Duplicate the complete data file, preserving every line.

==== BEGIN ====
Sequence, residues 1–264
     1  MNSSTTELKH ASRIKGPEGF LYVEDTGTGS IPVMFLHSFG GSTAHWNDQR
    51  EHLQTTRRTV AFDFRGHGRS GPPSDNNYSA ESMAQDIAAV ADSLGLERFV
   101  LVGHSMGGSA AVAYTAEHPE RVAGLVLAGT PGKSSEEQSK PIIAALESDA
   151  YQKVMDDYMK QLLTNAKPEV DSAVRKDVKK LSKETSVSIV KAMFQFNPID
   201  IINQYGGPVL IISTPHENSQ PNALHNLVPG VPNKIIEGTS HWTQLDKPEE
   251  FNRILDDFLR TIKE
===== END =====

Sequence, residues 1–264
     1  MNSSTTELKH ASRIKGPEGF LYVEDTGTGS IPVMFLHSFG GSTAHWNDQR
    51  EHLQTTRRTV AFDFRGHGRS GPPSDNNYSA ESMAQDIAAV ADSLGLERFV
   101  LVGHSMGGSA AVAYTAEHPE RVAGLVLAGT PGKSSEEQSK PIIAALESDA
   151  YQKVMDDYMK QLLTNAKPEV DSAVRKDVKK LSKETSVSIV KAMFQFNPID
   201  IINQYGGPVL IISTPHENSQ PNALHNLVPG VPNKIIEGTS HWTQLDKPEE
   251  FNRILDDFLR TIKE